used in his building operations. He employs ten to fifteen men, and is
located at 143 Kennedy street.

H'eniy Schmeer. — In the year 1867 Schmeer & Listman began the man-
ufacture of paper boxes in the old Wieting Block, where they remained two
years, when they removed to Clinton street. In 1883 Mr. Schmeer .sold
his interest in the business to Mr. Listman and established a factory in
West Water street, making the same line of goods till 1889, when he moved
to the commodious quarters he now occupies at 106 to no Noxon street,
where he has $20,000 invested, and employs 105 hands. Mr. Schmeer is
the largest manufacturer of paper boxes in Syracuse.

William Crabtree is one of the leading contractors and builders of the
city, particularly in the line of stone work. He is a native of England, and
came to New York in 1870. He located in Syracuse two years later, and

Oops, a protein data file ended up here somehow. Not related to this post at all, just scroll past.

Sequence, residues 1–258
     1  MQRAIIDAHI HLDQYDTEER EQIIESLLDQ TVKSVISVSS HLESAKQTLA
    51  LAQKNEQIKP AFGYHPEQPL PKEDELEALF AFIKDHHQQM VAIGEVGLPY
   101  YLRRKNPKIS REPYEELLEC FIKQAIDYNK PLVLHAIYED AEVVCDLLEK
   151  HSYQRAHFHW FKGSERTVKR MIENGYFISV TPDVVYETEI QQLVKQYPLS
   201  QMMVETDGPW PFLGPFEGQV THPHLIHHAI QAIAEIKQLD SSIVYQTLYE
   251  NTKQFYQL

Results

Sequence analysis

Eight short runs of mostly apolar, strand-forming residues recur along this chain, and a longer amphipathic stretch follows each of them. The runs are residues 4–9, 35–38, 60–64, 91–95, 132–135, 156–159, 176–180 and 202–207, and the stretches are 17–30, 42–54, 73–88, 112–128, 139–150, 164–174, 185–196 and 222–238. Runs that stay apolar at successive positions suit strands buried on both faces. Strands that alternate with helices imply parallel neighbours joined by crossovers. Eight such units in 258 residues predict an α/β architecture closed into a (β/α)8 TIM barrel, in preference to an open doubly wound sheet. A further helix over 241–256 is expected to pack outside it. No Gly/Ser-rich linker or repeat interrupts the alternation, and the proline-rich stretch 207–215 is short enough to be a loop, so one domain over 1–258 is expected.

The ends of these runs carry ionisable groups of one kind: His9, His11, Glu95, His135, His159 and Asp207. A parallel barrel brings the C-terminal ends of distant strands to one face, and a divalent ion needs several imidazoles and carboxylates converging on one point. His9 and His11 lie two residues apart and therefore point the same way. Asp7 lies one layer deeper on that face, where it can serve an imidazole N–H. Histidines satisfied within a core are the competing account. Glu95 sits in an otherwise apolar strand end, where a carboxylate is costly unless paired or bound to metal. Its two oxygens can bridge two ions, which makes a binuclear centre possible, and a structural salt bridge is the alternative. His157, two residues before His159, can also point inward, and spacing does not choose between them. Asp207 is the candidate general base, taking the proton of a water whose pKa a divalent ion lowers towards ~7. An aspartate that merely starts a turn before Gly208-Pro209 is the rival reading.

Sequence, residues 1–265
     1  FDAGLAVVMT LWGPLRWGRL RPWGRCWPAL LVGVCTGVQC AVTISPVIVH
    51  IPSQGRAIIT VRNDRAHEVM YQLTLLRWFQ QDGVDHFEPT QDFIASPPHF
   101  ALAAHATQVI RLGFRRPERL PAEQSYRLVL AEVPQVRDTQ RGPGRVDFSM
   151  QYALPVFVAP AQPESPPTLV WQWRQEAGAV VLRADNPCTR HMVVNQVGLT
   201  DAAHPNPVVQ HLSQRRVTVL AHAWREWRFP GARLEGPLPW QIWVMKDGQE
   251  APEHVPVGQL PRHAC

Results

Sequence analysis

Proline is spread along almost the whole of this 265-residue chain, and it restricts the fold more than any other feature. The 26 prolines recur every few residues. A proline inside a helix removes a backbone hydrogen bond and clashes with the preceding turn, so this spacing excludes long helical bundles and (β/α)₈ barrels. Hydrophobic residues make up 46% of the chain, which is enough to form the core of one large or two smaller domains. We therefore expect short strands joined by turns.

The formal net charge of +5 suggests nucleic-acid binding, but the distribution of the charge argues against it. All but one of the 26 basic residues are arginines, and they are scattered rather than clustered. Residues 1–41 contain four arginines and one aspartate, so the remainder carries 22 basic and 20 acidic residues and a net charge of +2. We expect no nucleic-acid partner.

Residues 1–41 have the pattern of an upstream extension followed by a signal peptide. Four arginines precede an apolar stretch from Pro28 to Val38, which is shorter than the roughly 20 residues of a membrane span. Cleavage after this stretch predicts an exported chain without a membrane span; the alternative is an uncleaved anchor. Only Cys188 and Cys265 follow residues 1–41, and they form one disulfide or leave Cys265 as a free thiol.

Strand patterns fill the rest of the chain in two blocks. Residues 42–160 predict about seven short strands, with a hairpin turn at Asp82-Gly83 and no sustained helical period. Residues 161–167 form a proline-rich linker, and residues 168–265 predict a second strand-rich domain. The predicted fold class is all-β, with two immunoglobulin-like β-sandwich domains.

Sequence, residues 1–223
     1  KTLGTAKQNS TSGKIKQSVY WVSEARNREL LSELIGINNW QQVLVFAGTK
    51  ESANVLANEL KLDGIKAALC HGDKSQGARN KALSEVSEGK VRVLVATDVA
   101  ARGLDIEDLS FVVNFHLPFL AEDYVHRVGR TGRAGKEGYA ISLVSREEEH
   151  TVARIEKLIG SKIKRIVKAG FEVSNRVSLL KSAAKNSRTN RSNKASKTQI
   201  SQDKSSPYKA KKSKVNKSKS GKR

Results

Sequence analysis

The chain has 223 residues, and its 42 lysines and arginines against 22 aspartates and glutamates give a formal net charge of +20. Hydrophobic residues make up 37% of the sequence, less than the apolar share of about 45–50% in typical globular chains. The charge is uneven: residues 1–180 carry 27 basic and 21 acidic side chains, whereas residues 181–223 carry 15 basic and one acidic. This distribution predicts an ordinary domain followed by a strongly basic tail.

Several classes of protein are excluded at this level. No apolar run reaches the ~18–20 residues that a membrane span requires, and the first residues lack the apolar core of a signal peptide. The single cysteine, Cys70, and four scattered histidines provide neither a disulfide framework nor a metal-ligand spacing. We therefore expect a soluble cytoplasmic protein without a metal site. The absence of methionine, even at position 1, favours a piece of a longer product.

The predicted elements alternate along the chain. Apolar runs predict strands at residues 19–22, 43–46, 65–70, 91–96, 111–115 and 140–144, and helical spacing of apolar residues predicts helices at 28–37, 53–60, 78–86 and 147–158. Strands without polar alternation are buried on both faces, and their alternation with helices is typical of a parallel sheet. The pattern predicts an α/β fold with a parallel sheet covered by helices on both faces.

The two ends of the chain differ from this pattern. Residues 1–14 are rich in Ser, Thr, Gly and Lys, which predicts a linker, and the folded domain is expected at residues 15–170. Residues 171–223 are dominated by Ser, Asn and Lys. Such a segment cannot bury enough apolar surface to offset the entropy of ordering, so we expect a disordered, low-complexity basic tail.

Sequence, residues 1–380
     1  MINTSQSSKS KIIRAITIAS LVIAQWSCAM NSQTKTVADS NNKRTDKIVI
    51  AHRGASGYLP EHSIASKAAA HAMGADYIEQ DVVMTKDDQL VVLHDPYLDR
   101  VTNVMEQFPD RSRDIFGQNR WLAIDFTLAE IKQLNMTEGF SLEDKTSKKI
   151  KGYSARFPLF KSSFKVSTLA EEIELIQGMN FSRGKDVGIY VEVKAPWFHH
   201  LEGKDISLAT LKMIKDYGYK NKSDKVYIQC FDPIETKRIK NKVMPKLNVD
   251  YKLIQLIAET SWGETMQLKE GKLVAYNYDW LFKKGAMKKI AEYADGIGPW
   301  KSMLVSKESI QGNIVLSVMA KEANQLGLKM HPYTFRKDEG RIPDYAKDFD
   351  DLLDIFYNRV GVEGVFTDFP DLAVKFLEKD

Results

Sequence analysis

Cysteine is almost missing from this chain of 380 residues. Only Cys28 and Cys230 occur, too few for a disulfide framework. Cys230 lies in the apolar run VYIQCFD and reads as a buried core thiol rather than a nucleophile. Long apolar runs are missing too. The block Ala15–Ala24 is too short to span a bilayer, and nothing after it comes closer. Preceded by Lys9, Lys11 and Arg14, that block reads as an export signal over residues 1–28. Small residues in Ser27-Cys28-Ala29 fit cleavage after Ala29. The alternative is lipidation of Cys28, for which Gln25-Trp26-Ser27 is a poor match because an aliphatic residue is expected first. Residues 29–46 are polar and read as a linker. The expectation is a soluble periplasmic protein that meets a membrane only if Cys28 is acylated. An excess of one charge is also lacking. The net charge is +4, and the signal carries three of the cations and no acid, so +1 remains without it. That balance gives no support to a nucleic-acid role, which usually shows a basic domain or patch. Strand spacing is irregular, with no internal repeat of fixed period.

worked at his trade until 1877, when the firm of Hughes & Crabtree was
formed ; it continued in existence two years, since which time Mr. Crab-
tree has carried on business alone. He purchased his present yard, corner
of Montgomery and Taylor streets, and has carried on a large business, fur-
nishing the stone for the Government Building, the County Clerk's office in



ManuI'ACtl'king Industries. 647



this city, the Court- 1 louse in Otsego county, several of the largest buildings
in Auburn, and is now enyaged on a contract for a private residence in
Cortland, costing $125,000, and is furnishing the stone for the Masonic
Home in Utica. He employs from fifty to seventy-five men.

Thomas Jackson, contractor and builder, located at the corner of Brown
and Decker streets, came to Syracuse from England in 1859, and learned
his trade in this city. He began business for himself in 1873. Among his
important contracts are the wood work on St. Paul's Church and on the
Leland Hotel, which burned down, and the new City Hall, whicii is in pro-
cess of construction, the latter contract involving $37,000. He employs
from twenty five to fiftj' men.

Richard Dawson is located at 108 Baker avenue, as a contractor and